Thursday, June 2, 2011

Is it really helping?

Awareness about climate change is, while not necessarily at an all-time high (thank you, "climate change deniers", for helping to ruin my state), it's certainly in a lot of people's minds. And I think a lot of people are working in little bits to try to help out. At the very least, it makes economic sense for people to drive less, turn off lights when no one's in a room, and use more efficient appliances, etc. But I think because the scope of this problem is so big, and so much of it is out of our control, that people end up focusing too much on one little thing and never enough on the big picture. We sign petitions for wanting cleaner water, but do we change our driving habits? We turn off lights, but do we unplug unnecessary appliances?
For instance, I saw an article a while ago talking about the "scandal" that was caused when Cameron Diaz said that she doesn't always flush the toilet in order to save water. She's environmentally conscious, which is fantastic. But...I can't help but wonder, what's the environmental toll of the large house she probably lives in? Of all her new clothes, the traveling I'm sure she does, etc? Is it at all hypocritical of someone to claim that they're "environmentally conscious" if they live in a mansion? I mean no disrespect to Ms. Diaz, I'm sure she's really working toward environmental causes. She just happened to be the example I thought of.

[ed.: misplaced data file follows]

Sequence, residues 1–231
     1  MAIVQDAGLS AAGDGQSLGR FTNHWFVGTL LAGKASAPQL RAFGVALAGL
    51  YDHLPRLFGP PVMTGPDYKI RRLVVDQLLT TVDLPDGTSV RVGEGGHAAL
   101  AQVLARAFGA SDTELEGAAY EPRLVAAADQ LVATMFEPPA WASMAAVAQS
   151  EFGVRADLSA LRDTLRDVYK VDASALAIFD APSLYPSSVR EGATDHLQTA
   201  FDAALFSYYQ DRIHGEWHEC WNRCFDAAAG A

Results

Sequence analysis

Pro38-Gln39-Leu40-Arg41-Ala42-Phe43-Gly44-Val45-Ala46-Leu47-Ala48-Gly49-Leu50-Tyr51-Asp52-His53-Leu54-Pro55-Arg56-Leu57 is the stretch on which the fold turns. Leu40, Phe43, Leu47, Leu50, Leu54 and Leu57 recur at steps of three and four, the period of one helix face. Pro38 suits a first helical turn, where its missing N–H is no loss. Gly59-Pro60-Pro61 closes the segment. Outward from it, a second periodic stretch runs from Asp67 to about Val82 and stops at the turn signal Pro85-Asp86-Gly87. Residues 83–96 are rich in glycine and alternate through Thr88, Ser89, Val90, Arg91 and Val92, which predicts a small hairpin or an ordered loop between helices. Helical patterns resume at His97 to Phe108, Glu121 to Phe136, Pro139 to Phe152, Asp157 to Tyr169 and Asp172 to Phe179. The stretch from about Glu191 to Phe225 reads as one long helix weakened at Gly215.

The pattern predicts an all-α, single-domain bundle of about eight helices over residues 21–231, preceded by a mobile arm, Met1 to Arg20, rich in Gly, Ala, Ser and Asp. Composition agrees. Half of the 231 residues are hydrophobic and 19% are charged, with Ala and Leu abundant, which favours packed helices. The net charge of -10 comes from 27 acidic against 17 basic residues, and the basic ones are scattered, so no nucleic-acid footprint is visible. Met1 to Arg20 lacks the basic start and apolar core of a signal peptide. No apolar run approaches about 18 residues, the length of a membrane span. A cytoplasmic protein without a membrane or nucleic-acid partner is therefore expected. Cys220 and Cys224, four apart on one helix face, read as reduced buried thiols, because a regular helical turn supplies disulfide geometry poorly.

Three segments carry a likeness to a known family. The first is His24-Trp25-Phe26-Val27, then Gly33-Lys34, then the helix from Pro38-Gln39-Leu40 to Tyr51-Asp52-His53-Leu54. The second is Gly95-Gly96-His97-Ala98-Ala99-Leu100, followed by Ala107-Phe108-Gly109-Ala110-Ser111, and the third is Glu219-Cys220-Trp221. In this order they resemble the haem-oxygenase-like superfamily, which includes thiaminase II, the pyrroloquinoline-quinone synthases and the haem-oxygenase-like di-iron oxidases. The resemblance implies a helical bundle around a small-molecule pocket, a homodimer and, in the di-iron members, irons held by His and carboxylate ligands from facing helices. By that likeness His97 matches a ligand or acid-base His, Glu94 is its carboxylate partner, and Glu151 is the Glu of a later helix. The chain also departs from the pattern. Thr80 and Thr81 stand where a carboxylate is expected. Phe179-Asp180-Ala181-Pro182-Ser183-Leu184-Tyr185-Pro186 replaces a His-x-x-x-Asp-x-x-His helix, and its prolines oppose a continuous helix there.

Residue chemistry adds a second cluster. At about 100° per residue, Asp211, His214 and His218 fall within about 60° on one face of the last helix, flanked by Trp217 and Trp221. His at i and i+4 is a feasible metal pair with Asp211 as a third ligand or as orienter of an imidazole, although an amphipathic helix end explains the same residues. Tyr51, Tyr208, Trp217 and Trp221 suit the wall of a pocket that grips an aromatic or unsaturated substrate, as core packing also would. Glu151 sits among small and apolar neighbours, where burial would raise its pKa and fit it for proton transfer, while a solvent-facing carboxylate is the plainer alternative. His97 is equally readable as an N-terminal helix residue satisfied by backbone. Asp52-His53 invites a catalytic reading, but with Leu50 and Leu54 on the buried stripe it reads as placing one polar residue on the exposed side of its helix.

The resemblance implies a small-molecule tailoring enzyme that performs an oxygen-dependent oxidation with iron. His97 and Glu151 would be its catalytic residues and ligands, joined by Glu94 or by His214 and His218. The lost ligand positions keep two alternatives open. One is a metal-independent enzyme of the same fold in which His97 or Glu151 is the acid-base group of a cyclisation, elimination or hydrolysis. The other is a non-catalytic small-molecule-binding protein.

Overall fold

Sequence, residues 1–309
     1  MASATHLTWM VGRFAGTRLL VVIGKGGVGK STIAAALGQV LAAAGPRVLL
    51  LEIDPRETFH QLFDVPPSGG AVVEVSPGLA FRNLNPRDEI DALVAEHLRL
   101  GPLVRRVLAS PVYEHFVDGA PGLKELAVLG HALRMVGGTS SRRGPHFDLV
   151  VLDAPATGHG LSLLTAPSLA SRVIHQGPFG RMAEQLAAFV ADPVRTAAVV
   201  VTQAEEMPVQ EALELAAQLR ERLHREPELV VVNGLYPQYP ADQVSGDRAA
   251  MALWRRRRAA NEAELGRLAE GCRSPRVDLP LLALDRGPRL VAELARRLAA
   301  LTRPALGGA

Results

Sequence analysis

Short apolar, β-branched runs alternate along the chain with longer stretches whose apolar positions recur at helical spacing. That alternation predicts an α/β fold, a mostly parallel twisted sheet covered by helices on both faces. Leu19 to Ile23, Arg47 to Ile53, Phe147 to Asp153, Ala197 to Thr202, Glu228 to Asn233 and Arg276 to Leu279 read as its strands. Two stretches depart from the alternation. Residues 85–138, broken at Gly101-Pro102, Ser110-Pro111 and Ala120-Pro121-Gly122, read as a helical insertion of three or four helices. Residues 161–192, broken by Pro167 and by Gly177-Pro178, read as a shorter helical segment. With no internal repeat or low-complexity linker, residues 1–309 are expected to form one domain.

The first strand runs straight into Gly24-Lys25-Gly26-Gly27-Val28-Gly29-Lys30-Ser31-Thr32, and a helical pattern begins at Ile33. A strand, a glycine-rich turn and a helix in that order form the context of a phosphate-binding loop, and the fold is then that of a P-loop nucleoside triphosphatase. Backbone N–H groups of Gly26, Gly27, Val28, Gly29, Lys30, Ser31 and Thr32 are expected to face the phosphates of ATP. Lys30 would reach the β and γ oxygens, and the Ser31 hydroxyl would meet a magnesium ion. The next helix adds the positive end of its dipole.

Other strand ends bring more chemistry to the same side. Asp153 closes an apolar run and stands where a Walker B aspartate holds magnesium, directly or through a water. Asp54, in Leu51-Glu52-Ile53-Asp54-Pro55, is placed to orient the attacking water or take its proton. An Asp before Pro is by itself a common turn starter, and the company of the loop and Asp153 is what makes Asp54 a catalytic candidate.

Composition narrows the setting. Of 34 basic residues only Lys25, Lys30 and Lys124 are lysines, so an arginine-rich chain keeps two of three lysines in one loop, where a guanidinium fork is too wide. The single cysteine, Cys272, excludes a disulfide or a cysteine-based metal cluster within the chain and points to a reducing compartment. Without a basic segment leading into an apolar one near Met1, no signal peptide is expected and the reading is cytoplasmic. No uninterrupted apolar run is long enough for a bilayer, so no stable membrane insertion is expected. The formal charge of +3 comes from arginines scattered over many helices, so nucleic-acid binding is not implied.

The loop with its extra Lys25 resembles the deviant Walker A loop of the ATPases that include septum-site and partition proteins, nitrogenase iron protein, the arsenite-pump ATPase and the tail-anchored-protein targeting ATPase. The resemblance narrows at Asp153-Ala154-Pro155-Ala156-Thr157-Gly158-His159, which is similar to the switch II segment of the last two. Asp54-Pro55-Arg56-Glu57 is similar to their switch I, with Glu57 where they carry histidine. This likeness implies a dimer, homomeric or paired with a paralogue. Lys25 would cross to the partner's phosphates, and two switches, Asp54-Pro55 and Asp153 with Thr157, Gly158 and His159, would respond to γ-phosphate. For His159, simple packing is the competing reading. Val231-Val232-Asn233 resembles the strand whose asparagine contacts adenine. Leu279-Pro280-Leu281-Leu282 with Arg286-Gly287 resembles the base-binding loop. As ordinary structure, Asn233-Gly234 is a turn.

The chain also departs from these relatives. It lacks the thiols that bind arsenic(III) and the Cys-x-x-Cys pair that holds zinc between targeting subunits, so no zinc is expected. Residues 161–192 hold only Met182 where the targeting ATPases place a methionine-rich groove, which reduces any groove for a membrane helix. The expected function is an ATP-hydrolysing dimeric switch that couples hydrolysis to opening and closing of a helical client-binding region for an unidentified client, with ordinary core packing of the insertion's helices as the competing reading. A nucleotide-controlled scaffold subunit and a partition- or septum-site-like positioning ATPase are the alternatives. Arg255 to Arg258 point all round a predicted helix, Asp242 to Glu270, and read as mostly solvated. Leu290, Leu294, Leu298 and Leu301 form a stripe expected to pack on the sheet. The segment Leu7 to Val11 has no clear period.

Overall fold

There was also an article (which I didn't actually look at) on the cover of the PETA magazine which periodically gets "donated" to the library touting Lea Michele's efforts to end horse-drawn carriage rides in Central Park. All I could think was, REALLY?! That's what she's going to focus on? Not puppy mills, factory farming (I think those pictures speak for themselves), or any of the other hundreds of animal causes. She chose carriage rides. As I said, I didn't read the article so I don't really know about it. Perhaps the horses aren't kept well? But it's like avoiding the part of an iceberg you can see and then saying, "Whew! That was close!" You're still about to hit the ice under the water, but you're too focused on the superficial view to understand that.
I feel uncomfortable trying to label what I'm doing as "sustainable" because I know it's not. There's a long, long way to go before my own lifestyle is sustainable. Is it even environmentally friendly? I'm sure there's so much that I don't (and that we don't, as a species) understand about the environment that I'm probably as blind as anyone else to how awful my actions are.
Of course, it would probably be best to ignore these gloomy thoughts and listen to Don Cheadle when he says, "every green thing you do has an exponential impact when combined with the actions of others." And then I can help him plant a forest.
On the plus side, I have noticed a severe reduction in the amount of garbage we have every week. So one part of this, at least, is helping.
Also, it was either great naivete or great hubris that lead me to put a compost bin in the backyard and expect that the dog wouldn't get into it. I've now moved it to the side of the house, outside of the fence, and the cat has become my favorite child for the time being.

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